A few years ago some technology came about that allowed marketers to personalize their mailings to you.
All of a sudden we were all deluged with mailings with our name in them. Maybe your name was written in roses, part of a pretty photo of a flowerbed. Or your company name appeared in fluffy white clouds as part of a beautiful landscape.
The marketing, printing, transpromo, and direct mail industries all jumped for joy. Companies could create a personalized message to each of their customers and produce more engaging and relevant content.
Except for the fact that, as consumers, we all got very bored very quickly.
Was it because of the cheesy ideas, expressed with even cheesier images? Well, partly. But I think that its because marketers – and therefore companies, by inference – don’t know the difference between personalization and individualization. Consumers no longer get excited about seeing a mailing with their name on it. They want you to know them as people, not as a name.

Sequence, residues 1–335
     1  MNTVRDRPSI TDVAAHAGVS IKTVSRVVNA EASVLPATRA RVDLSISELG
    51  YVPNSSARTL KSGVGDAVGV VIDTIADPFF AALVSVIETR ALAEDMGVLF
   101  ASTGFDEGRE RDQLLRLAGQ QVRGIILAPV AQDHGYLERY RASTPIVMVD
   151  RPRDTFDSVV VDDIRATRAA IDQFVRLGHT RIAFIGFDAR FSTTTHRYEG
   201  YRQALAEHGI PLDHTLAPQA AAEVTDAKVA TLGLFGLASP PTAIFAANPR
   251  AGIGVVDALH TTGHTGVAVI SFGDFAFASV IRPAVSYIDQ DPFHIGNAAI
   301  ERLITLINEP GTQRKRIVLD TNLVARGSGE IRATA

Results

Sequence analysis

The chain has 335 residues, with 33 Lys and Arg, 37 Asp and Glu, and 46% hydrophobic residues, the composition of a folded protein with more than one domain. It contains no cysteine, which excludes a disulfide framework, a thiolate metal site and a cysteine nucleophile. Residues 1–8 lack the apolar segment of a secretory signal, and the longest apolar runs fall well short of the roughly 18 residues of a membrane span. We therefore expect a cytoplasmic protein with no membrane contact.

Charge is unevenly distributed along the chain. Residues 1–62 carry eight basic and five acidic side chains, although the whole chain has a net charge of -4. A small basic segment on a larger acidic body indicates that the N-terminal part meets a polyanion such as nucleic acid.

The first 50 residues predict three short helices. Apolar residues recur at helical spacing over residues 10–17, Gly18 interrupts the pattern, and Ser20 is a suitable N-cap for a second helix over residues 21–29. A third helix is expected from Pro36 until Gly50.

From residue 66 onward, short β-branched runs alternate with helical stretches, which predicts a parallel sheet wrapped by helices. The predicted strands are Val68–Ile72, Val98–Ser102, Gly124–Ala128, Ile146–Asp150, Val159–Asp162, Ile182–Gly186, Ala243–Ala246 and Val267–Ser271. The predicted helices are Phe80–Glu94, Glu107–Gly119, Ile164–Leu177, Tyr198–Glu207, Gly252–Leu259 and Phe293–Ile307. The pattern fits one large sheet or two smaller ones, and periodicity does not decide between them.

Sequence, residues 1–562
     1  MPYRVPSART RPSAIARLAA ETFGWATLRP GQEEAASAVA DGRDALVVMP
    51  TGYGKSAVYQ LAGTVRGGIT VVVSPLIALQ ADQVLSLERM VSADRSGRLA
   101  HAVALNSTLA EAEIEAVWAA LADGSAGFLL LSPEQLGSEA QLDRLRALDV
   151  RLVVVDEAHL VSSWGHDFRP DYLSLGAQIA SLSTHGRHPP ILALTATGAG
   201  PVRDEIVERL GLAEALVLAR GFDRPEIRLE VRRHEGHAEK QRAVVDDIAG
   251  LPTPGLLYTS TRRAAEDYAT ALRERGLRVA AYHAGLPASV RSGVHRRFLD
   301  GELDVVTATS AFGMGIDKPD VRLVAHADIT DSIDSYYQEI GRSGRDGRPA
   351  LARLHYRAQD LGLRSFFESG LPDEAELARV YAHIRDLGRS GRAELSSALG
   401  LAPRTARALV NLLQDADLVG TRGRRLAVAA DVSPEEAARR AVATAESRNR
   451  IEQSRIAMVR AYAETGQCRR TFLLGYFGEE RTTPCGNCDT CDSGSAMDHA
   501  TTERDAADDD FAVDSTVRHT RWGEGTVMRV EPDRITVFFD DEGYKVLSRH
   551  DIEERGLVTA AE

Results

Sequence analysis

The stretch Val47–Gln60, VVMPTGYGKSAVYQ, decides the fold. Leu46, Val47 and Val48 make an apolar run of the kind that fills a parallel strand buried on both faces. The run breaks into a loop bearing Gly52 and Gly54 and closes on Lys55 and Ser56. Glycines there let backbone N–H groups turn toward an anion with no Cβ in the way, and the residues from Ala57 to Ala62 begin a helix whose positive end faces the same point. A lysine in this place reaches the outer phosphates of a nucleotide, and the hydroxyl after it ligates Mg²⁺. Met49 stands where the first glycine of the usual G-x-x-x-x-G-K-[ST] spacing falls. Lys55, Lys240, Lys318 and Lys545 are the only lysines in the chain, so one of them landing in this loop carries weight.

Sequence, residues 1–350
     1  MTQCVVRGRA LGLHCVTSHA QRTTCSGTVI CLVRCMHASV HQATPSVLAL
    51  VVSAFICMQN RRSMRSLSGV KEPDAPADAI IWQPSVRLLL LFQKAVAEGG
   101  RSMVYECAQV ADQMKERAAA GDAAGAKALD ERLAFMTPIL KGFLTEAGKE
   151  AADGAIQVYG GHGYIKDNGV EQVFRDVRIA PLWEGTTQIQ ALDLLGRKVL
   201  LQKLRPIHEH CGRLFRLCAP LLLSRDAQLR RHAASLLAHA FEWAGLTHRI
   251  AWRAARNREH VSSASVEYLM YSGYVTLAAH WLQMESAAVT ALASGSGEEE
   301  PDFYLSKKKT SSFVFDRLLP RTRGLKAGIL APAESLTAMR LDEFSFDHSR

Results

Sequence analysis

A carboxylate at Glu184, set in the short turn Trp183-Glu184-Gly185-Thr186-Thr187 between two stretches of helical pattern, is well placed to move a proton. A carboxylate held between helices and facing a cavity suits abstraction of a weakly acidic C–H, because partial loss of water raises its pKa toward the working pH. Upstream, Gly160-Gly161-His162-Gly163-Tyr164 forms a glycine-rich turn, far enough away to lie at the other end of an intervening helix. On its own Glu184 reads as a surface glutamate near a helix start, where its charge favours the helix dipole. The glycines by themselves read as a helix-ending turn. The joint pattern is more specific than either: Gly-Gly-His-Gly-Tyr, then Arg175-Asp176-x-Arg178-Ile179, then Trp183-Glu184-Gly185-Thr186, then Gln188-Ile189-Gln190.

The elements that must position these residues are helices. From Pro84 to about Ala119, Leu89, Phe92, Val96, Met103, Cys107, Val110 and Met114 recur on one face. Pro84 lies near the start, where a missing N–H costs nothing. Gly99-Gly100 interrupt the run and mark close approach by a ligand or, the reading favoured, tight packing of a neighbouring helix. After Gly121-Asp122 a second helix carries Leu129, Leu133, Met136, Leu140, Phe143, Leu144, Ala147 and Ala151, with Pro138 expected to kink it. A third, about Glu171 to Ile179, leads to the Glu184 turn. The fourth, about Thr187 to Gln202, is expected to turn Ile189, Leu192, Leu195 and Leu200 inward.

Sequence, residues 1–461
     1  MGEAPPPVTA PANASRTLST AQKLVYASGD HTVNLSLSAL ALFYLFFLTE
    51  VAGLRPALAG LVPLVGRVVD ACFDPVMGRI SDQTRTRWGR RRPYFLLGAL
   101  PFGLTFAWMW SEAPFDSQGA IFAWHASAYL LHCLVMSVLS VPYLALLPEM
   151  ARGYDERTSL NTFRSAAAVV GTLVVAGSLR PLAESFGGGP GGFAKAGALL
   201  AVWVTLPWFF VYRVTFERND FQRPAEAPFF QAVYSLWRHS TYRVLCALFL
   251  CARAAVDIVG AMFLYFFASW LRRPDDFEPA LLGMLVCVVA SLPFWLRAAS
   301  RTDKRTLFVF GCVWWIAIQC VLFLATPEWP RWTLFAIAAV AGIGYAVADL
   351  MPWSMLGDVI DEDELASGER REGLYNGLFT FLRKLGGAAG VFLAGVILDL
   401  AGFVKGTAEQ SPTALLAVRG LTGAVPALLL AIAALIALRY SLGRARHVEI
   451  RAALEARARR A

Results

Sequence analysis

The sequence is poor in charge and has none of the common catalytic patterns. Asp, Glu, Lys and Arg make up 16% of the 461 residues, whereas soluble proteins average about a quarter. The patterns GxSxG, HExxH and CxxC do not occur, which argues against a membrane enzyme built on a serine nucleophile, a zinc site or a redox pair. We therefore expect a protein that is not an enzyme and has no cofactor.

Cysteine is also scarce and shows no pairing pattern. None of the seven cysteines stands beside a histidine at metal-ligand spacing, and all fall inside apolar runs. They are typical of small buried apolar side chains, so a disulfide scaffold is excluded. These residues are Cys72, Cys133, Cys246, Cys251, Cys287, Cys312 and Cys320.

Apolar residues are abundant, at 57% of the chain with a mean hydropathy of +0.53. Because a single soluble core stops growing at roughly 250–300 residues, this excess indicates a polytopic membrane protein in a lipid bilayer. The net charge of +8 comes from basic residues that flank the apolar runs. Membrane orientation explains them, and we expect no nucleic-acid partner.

Why? Because they’ve come to expect it. For example, when I log into Amazon I’m not impressed that I can see my name on the homepage. I’m impressed that I can see a list of everything that I’ve bought, everything that I’ve browsed, and can view a list of Amazon-recommended items that I might like to purchase based upon purchases from other people who’ve bought similar items. I have bought a lot of stuff on Amazon because of this, and I bet that you have too.
You see? It’s not about having my name on a piece of paper. It’s about the communication being relevant to me and only me. Knowing my name, where I work and what I do is no longer enough. I want you to know me.
I want individualization, not personalization.